In 2017, the New York Times published a study listing the University of Michigan with the highest median income and the school with the highest percentage of students coming from the 1% compared to its peers. It also lists that 43% of students come from families in the top 5% of income. It was interesting to see the numbers laid out like that, but not surprising as the signs of that level of wealth are unavoidable when you attend the University of Michigan. In this blogpost, I am sharing my personal story related to wealth and expressing aspirations for the library as a welcoming environment for students from all backgrounds.
In 2008, I started a job at the U-M library before I started classes as an undergraduate. Before enrolling, my dad and I had filled out the FAFSA together and later looked through my financial aid package. (My family was somewhere between a Family 4 and 5 if you open the In-State Family profiles on this U-M Financial Aid page, taking into consideration how tuition has risen since I was in school). We discussed to what level my parents would be supporting me (room and board) and what I would need to cover on my own (tuition and any other spending money). This made getting a job with my work/study award a top priority for me.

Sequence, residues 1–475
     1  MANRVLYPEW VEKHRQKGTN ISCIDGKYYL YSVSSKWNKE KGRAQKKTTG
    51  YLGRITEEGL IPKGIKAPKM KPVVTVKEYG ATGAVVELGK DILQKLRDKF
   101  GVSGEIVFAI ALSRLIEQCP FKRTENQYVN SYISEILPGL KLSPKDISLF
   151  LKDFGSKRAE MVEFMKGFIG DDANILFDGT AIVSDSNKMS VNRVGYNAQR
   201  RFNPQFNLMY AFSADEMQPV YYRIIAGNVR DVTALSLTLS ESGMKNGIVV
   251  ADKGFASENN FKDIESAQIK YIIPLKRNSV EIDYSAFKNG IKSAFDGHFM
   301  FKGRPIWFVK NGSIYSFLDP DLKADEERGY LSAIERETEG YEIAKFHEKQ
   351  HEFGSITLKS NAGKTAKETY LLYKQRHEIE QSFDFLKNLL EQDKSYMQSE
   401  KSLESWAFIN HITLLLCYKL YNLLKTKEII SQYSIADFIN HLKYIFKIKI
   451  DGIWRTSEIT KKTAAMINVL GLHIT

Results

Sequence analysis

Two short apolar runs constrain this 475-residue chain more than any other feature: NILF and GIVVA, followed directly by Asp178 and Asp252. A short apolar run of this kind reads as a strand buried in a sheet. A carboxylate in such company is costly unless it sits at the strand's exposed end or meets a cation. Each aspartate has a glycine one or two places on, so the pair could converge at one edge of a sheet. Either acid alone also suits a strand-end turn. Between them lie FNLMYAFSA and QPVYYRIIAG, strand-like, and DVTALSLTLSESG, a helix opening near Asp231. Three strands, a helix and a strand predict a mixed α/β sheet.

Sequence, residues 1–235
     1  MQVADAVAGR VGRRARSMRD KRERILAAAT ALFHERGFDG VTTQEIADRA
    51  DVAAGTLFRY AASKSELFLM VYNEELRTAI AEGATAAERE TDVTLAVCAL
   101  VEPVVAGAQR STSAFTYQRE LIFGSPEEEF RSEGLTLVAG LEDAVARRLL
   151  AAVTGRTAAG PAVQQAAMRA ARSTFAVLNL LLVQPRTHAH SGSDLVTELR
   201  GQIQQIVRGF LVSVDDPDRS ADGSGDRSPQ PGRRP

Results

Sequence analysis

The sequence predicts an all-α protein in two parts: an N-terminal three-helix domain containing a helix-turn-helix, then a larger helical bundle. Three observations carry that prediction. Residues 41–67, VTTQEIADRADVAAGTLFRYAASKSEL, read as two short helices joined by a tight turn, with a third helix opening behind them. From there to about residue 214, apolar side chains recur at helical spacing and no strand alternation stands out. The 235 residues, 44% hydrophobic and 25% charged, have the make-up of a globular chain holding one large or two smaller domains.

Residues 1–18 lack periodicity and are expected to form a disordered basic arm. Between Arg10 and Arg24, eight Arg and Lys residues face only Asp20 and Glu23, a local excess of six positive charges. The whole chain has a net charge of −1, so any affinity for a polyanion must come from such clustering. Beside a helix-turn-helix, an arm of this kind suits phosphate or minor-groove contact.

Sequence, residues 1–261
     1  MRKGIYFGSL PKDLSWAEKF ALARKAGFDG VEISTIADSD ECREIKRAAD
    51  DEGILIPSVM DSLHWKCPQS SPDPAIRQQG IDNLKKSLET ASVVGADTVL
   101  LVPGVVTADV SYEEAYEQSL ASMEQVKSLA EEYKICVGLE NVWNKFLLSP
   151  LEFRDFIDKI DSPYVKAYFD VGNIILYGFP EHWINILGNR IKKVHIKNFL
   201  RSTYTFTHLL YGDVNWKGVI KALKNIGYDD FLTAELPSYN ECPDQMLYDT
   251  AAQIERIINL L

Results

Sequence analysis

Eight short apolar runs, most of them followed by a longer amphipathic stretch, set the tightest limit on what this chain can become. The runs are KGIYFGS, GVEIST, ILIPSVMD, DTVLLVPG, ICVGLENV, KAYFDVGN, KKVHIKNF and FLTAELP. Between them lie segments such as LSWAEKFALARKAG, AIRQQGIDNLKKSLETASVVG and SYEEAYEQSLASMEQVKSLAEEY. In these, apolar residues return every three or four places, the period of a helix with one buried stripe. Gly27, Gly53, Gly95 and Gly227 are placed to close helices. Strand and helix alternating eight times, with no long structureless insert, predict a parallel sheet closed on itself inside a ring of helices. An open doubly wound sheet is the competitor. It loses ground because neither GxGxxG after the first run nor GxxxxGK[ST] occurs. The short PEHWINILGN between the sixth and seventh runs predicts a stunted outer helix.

The reason I came to school here, like many, was because U-M is known to have the best academic programs in the state and I thought that being at the best school would help me get a better, i.e. more high paying job. Applying out of state wasn’t a consideration as it would have been too expensive. I decided in 8th grade that I would do whatever I could to get into U-M. To make this happen I spent high school bulking up my application through extracurriculars and high grades so that I could get in. I knew next to nothing about Ann Arbor and the makeup of the student population but assumed since it was an in state school that it would be pretty similar to where I came from, a suburb of Grand Rapids.